Seasonal grub: Pumpkins and Squash

Pumpkins and winter squash are one of the most colourful and versatile autumn harvest time crops. There’s nothing much more cheerful than a display of pumpkins and squash in a multitude of sizes, shapes and colours. They’re relatively easy to grow and this is a good way of tasting unusual squashes that aren’t readily available in stores. They can be stored in a cool dark place for several months before eating. However, if crowing your own crops isn’t your thing there are several varieties that are regularly stocked in our supermarkets and grocery shops.

They are officially classed as vegetables, but are also delicious eaten in sweet recipes.

Pumpkins and squash are thought to have originated in South America, but they weren’t the round orange type we think of when we think of Hallowe’en, they were a more elongated shape. The Native Americans were cultivating pumpkins and squash long before the European settlers arrived. The natives introduced this unusual crop to the pilgrims which meant they had a nutritious food source throughout the winter, thus saving many lives and quickly became a staple food for the new settlers’ Thanksgiving celebration.

Not only are Pumpkins and Squash delicious they are also very good for you. They are low in calories and high in fibre. They are high in beta-carotene which is a valuable antioxidant, and doctors believe a diet rich in beta-carotene can reduce the risk of heart disease and cancer.

As well as eating the flesh of pumpkins and squash the seeds are also delicious toasted and are high in protein, iron and the B vitamins.

Pumpkin pie is probably the recipe that springs to mind when thinking out pumpkins and squash, but equally as good are recipes such as pumpkin or squash pancakes, roasted squash soup, squash and root vegetable curry or pumpkin cakes. Chunks of squash or pumpkin (with the seeds scraped out and reserved for roasting later) skin on, make a delicious addition to the British Sunday roast, just pop them in the roasting tray with your roast potatoes. I’ve included below my own favourite pumpkin/squash recipe, a simple but tasty risotto. Why not treat yourself this Autumn and experiment with these colourful fruits of the harvest?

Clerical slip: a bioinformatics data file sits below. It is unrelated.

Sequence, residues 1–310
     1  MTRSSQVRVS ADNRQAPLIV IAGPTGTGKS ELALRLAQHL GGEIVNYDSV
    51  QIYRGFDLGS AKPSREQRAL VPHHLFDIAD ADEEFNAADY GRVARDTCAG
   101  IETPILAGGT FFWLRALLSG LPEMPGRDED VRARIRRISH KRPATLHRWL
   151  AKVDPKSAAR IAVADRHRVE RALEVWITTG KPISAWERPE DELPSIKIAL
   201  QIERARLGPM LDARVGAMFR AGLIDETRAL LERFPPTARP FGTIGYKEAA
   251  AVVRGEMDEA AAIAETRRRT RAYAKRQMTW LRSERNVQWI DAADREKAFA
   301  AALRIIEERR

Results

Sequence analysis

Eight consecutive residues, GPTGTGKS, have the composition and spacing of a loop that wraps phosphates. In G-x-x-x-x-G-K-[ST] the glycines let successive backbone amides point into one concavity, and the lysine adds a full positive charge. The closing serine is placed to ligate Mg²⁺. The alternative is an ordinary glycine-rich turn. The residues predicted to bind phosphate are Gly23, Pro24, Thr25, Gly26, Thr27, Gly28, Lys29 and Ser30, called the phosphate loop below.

Pumpkin or Squash Risotto


570ml/1 pint vegetable or chicken stock
1 small onion chopped
Pinch mixed herbs
2 tbsp olive oil
2oz butter
250g/9oz pumpkin or squash chopped
50g/2oz butter
Salt and pepper
Fresh parmesan to garnish


In a large frying pan fry the onion in the oil until soft but not brown.

Add the rice and mix well to coat the grains with the oil, add a cupful of hot stock and simmer until the stock is almost absorbed.

Add the pumpkin or squash and another cup of stock, continue to simmer until the stock is almost absorbed once again.

Continue to add a spoonful of stock at a time until the rice is cooked, traditionally it should be ‘al dente’, that is cooked but still with a little firmness to it, but if you prefer it softer that’s fine. You may still have a little stock left when the rice is cooked, and at this stage season with salt and pepper and stir in the butter, the texture should be loose and creamy.

This whole process will take about 20 mins.

Serve with grated parmesan. Delicious!

Hope I've got you into the spirit for experimenting with something that most people reserve for carving once a year. Try my risotto or get creative and experiment with the flavours!

Posted in Food.

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